The Bank of Canada has announced it will be keeping its target for the overnight rate at 0.25%, marking almost 12 months since it initially slashed rates in response to the COVID-19 pandemic.
The Bank initially cut the rate to 0.5% on March 13 2020, before cutting it again to 0.25% two weeks later, where it’s been ever since. Today, in March 2021, the Bank reiterated that it would leave the rate at 0.25%, its “effective lower bound”, until “the 2 percent inflation target is sustainably achieved”.
The bank said that its January projections indicated that stable 2 percent inflation is not likely until 2023.
Signs of economic recovery
The Bank’s decision to keep rates low comes despite wider signs of recovery in the economy. James Laird, Co-founder of Ratehub.ca and President of CanWise Financial mortgage brokerage, says there are several economic factors the Bank acknowledges are doing well.
“The Bank has reaffirmed its forecast for holding rates until 2023, despite the notable positive signs they are seeing of recovery”, James says.
“Factors such as increasing commodity prices, declining infection rates, strong housing market activity, and the recently announced US fiscal stimulus, have caused bond yields in Canada to rise by approximately 50 basis points.”
In its statement, the Bank says that despite positive signs, the recovery still requires extraordinary monetary support in the way of low interest rates and a continuation of its quantitative easing program. Consequently, there is no Bank of Canada interest rate hike anywhere on the horizon.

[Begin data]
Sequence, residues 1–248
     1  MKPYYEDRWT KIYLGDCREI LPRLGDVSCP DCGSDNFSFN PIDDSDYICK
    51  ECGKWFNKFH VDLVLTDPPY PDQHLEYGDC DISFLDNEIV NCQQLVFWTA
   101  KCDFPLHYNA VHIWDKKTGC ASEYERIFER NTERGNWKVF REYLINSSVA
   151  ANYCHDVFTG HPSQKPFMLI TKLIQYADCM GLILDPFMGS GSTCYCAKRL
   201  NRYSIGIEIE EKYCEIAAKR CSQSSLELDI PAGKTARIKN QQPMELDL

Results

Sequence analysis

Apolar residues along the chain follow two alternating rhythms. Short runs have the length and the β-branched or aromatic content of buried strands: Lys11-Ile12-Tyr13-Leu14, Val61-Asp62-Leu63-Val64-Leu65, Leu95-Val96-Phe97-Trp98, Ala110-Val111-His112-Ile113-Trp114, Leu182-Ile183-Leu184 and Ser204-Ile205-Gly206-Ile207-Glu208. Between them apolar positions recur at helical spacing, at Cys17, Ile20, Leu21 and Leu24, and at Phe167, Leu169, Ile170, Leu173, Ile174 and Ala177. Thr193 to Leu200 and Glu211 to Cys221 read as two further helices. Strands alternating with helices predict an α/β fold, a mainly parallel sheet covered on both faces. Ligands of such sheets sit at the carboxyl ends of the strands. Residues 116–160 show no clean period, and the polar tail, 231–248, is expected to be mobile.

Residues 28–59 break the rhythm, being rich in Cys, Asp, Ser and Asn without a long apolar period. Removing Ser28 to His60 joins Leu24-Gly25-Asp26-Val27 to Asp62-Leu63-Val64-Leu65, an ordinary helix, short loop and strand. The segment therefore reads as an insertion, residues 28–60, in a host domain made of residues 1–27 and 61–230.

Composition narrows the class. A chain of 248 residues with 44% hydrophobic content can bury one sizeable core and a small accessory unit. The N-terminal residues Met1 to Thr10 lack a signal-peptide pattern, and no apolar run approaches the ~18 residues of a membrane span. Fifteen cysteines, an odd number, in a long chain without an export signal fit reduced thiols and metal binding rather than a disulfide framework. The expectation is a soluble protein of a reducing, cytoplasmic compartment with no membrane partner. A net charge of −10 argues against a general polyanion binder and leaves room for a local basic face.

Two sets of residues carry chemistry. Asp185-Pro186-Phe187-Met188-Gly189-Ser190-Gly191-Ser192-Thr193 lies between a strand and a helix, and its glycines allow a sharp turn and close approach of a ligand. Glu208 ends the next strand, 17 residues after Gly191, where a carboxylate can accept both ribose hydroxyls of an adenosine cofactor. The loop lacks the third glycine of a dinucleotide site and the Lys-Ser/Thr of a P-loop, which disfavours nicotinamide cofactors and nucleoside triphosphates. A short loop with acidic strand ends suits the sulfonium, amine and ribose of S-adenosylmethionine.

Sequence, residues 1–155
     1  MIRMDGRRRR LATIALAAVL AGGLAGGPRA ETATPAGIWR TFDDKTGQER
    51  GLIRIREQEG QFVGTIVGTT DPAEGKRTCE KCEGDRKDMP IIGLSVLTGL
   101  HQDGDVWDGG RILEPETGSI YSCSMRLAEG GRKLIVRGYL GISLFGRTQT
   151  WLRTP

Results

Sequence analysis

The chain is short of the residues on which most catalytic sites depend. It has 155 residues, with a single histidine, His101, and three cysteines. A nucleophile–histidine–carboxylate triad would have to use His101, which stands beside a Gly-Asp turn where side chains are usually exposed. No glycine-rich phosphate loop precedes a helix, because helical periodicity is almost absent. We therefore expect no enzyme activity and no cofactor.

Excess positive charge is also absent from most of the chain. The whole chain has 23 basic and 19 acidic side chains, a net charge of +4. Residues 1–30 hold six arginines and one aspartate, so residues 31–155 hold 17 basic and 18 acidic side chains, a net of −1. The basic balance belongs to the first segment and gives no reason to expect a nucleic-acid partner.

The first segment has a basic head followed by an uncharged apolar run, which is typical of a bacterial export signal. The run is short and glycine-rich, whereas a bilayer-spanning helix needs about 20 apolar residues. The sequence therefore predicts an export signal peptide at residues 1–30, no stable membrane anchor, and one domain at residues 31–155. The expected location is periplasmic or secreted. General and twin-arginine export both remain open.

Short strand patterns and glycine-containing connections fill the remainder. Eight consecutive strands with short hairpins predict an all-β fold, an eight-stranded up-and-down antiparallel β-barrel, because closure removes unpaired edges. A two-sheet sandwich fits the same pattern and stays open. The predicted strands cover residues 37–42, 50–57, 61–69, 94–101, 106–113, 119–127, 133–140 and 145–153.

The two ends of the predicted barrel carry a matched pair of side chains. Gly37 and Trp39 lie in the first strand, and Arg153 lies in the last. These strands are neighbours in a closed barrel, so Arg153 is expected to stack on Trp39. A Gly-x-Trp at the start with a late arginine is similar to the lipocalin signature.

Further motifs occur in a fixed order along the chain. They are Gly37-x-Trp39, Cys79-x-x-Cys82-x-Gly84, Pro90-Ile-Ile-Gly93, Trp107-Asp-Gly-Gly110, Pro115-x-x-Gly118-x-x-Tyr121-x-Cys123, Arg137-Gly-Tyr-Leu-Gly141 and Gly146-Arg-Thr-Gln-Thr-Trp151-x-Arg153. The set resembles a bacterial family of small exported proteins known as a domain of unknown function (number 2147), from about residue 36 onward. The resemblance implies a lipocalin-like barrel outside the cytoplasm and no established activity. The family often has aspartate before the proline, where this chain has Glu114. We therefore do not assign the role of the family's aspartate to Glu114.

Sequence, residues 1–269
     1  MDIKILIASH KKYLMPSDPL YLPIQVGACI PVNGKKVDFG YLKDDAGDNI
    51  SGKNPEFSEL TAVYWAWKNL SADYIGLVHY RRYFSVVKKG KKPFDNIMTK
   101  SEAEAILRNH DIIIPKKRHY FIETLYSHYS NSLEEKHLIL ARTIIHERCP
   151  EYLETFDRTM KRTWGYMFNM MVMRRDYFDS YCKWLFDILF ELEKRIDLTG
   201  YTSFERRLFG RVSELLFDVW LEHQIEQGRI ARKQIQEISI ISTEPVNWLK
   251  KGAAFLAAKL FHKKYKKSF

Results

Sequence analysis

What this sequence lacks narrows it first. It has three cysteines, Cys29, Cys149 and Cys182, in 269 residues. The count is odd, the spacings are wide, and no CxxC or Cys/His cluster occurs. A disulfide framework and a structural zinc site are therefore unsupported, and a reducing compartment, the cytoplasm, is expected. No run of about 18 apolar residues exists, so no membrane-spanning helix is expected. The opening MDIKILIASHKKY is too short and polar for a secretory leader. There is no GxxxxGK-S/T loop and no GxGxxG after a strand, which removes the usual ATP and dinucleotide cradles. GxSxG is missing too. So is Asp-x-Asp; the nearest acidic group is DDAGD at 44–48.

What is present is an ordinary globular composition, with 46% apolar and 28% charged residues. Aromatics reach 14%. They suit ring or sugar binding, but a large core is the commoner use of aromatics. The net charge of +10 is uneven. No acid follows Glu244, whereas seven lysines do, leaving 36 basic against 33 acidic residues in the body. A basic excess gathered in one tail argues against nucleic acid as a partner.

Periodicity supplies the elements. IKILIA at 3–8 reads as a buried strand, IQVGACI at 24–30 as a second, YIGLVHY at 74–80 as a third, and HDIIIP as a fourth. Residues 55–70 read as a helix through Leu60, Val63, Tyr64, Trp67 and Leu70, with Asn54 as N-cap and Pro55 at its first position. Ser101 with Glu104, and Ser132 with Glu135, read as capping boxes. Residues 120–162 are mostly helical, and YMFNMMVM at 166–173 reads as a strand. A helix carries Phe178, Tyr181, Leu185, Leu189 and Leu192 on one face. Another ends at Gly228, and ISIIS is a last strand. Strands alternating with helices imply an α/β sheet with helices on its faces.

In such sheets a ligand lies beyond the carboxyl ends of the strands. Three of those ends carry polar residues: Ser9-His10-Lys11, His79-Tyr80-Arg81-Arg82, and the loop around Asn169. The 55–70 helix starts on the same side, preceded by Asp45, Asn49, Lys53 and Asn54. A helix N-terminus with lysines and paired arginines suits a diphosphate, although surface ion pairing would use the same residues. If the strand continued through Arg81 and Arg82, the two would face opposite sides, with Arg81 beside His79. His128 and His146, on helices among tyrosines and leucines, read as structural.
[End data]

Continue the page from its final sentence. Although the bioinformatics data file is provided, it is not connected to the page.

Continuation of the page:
Fixed rates begin to climb
Despite the Bank of Canada interest rate being kept on hold, mortgage providers are beginning to increase their fixed mortgage rates in response to increasing bond yields. James says there may be more increases on the way.
“In reaction to rising bond yields, fixed mortgage rates began increasing two weeks ago and continue to do so. Many lenders have increased their 5-year fixed rate twice in the last two weeks by an average of 40 basis points.
“Those lenders that have not increased their fixed rates a second time are expected to do so by the end of this week.”
As a result of fixed rates rising, James says new mortgage customers may increasingly look to variable-rate mortgages, which may offer a better deal.
“Variable-rate mortgages remain unchanged and with the rising fixed rates they are becoming more attractive. Canadians who get a new mortgage in the coming months may increasingly choose variable over fixed as the difference between the two rates widens.”